Joni Mitchell

Imagery: A Big Picture From Few Words

The concept of imagery in lyric writing is a simple one: using words to create images or ideas in the mind of the listener. You could argue that practically all lyrics will do this, even if they’re not specifically thought of as being a good example of imagery.


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But it’s probably fair to say that most good examples of imagery involve lyrics that use few words compared to the rather large picture they can paint. The large picture comes about by using some standard poetic devices, including:

  • metaphor
  • simile
  • aliteration
  • double meaning
  • well-chosen adjectives and adverbs

Imagery never works on its own in a song. Your meaningful words become all the more powerful because of how your words are set. So melodic construction, chord choice, and production decisions will all either enhance what you’re doing with words, or they will diminish what you’re doing.

Good imagery plants pictures in your brain, but most good examples do something else: they give you images that aren’t necessarily clear when you first encounter them; over time, your brain processes other more complex words and phrases, and modifies those images.

Everyone has their own favourite examples of image-filled lyrics, but I always find myself going to Joni Mitchell. It’s not just that she creates lyrics that are so powerful, but the music itself contributes so much to the lyrical power.

From her 1976 album “Hejira”, the song “A Strange Boy” is a great example of how simple lyrical imagery can be while still being powerful. Read these words as she tries to describe this “strange boy”:

A strange boy is weaving
A course of grace and havoc
On a yellow skateboard
Thru midday sidewalk traffic
Just when I think he’s foolish and childish
And I want him to be manly
I catch my fool and my child
Needing love and understanding

The lyric pulls you along because you want to know more. Who is this boy? A son? A lover? We certainly get a picture right away: the youthful image of a young man/boy on a skateboard, but contrasting images keep getting thrown at us:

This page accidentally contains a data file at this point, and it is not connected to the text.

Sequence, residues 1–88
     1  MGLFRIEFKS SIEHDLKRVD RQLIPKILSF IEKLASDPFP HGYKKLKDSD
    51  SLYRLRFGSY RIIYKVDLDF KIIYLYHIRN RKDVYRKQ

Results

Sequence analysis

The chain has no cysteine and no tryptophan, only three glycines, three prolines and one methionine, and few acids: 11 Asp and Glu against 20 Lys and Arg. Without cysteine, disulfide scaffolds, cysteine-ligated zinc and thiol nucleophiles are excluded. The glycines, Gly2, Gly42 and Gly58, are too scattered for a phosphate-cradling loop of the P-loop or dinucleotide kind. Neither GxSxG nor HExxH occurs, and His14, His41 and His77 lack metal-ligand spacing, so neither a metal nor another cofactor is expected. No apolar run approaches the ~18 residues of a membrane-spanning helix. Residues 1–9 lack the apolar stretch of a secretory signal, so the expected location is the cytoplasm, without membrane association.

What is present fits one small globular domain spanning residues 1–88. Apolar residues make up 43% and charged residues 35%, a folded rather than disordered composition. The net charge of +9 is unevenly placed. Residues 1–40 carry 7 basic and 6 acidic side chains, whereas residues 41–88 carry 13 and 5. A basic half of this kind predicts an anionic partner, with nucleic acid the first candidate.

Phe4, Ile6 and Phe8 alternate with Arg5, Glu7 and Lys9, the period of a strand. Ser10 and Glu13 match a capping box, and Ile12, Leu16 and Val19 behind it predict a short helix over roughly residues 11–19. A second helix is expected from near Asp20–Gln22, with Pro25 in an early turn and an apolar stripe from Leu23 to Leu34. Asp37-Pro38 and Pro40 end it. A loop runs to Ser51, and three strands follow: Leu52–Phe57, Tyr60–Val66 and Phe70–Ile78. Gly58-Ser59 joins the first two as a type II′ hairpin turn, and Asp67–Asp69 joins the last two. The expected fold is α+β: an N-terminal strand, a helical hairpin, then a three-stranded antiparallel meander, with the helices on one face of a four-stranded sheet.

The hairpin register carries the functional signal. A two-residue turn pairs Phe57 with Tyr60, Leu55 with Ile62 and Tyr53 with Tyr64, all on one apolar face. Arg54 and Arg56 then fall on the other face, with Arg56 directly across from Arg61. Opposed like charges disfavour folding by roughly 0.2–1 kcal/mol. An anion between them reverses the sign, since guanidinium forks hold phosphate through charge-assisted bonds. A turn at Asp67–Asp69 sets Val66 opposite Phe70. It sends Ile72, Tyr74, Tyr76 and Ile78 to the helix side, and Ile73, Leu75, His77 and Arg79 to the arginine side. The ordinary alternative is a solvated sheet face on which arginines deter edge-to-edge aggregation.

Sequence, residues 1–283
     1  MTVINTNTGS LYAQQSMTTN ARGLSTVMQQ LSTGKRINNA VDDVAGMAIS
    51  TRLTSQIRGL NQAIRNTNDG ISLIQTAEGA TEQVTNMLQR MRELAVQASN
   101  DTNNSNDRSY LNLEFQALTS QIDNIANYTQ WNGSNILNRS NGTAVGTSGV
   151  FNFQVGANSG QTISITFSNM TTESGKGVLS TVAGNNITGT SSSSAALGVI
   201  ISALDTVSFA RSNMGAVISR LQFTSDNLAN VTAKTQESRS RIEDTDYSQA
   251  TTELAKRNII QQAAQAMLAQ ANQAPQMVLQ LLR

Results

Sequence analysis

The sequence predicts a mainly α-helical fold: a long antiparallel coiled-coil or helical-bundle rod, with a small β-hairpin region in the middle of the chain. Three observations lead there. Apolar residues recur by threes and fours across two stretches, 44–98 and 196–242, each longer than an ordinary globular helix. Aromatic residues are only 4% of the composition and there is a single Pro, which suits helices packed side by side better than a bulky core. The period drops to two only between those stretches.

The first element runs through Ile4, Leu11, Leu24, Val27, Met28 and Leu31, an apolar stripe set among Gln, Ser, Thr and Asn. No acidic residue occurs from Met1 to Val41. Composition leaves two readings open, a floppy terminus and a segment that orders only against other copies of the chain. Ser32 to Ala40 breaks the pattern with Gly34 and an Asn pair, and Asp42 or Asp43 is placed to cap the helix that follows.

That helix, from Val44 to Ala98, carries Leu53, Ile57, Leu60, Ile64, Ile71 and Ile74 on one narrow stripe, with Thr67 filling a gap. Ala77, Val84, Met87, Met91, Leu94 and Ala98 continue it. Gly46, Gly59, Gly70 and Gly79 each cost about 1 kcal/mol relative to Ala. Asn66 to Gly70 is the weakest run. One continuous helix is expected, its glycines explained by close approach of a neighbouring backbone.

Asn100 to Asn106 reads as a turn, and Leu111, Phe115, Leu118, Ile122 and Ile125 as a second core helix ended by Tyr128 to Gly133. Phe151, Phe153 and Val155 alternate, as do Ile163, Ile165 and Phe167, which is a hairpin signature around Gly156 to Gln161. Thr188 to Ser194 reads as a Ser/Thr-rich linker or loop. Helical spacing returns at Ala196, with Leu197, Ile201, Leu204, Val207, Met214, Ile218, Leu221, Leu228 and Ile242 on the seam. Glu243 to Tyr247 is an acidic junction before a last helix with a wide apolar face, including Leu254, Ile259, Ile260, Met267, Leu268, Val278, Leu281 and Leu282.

• grace/havoc
  • wanting/needing
  • childish/manly

And like all great lyrics do, they make us want to know more. The musical setting is brooding, unsettled and dark. We start to get a fuller picture as the words flow: probably a lover, someone who is at war with himself, knowing he needs to “grow up”, but not sure how or why that should come about.

And Mitchell enhances that sense of conflict within his mind by constantly throwing contrasting images at us as the lyric continues: “crazy wisdom”, “wild/patient”, “mass/space”, and so on.

With every line, you get a clearer picture, but you still get pulled along, wanting to know more. And as you learn more, the original thoughts you’ve had about certain lines of lyric change. The picture acquires more colour, more enhancements.

That’s what great imagery does. It doesn’t offer the entire meaning on a platter in front of you. It gives you fragments of images that you are required to assemble. Not everyone will assemble them in the same way, and true enough, some will give up on the challenge.

The best way to improve your own ability to write lyrics that are full of imagery is to find those lyricists that do it well, and listen to their music. Get your own impression of what the song is about, and then look at the lines and phrases that support that impression.

With each good example (and assuming you’re writing every day), you find your own lyric-writing abilities changing and improving.

Imagery is something you can practice. It can be as simple as something doing these two things:

  1. Write a simple phrase that clearly conveys an unmistakeable picture: a hot day, a heavy rain, a helpful friend, etc.
  2. Write as many phrases and words as you can come up with that displays some aspect of that clear picture. For “a hot day”, for example, you might write: “dry air from a furnace”, “clinging shirt”, “sun-reddened skin”, “a windless scorching sky”…

Your first attempts may seem lame, but with every attempt you improve.

Anything you can do to improve your lyrics is time well spent. If you’re hoping that your songs survive the test of time, a strong, meaningful lyric will be a vital part of your legacy.


Gary EwerWritten by Gary Ewer. Follow Gary on Twitter

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